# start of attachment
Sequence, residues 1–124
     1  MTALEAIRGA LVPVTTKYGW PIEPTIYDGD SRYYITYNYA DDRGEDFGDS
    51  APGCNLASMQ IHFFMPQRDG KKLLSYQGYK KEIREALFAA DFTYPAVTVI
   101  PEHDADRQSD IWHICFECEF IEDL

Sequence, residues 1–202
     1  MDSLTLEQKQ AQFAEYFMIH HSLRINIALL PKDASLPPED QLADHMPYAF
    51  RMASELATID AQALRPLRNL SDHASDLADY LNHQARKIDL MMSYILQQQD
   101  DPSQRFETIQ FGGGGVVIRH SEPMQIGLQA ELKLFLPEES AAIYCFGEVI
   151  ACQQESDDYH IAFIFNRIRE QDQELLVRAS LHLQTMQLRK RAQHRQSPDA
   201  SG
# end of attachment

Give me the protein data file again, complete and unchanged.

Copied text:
Sequence, residues 1–124
     1  MTALEAIRGA LVPVTTKYGW PIEPTIYDGD SRYYITYNYA DDRGEDFGDS
    51  APGCNLASMQ IHFFMPQRDG KKLLSYQGYK KEIREALFAA DFTYPAVTVI
   101  PEHDADRQSD IWHICFECEF IEDL

Sequence, residues 1–202
     1  MDSLTLEQKQ AQFAEYFMIH HSLRINIALL PKDASLPPED QLADHMPYAF
    51  RMASELATID AQALRPLRNL SDHASDLADY LNHQARKIDL MMSYILQQQD
   101  DPSQRFETIQ FGGGGVVIRH SEPMQIGLQA ELKLFLPEES AAIYCFGEVI
   151  ACQQESDDYH IAFIFNRIRE QDQELLVRAS LHLQTMQLRK RAQHRQSPDA
   201  SG